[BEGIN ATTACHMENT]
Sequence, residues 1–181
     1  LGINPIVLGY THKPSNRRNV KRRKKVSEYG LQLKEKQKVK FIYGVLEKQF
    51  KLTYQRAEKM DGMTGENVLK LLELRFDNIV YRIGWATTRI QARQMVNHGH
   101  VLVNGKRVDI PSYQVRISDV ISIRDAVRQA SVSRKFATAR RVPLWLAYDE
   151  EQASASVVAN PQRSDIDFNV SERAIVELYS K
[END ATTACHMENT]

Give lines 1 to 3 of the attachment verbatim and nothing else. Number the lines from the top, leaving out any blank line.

Sequence, residues 1–181
     1  LGINPIVLGY THKPSNRRNV KRRKKVSEYG LQLKEKQKVK FIYGVLEKQF
    51  KLTYQRAEKM DGMTGENVLK LLELRFDNIV YRIGWATTRI QARQMVNHGH